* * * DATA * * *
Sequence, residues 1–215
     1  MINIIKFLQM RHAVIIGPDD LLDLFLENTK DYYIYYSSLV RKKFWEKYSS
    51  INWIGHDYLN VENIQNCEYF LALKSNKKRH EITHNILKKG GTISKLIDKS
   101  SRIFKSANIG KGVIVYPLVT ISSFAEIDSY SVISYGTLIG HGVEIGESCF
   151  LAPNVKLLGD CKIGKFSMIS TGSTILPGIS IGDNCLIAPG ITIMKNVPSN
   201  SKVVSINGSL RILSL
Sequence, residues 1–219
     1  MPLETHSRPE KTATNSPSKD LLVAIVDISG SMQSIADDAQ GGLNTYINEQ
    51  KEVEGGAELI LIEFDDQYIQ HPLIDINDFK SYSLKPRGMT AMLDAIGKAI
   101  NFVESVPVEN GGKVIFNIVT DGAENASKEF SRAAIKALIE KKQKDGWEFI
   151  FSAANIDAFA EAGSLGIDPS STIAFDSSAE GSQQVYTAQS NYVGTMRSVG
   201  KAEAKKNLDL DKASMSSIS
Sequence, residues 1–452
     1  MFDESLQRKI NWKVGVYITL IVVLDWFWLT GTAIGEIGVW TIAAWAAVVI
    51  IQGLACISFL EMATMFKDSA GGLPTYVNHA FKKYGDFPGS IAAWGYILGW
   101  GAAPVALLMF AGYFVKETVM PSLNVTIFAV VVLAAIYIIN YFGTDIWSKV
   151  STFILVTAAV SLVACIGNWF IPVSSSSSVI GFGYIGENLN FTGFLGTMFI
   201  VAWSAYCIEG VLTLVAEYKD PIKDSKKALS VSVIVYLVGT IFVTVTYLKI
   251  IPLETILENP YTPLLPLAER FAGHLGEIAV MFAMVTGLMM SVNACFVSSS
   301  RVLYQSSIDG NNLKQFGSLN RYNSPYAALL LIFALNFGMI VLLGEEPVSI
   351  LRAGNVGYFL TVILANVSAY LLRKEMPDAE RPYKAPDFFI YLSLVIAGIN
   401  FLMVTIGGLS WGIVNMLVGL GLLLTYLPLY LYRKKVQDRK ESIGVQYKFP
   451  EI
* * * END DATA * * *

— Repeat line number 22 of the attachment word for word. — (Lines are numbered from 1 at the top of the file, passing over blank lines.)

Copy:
   401  FLMVTIGGLS WGIVNMLVGL GLLLTYLPLY LYRKKVQDRK ESIGVQYKFP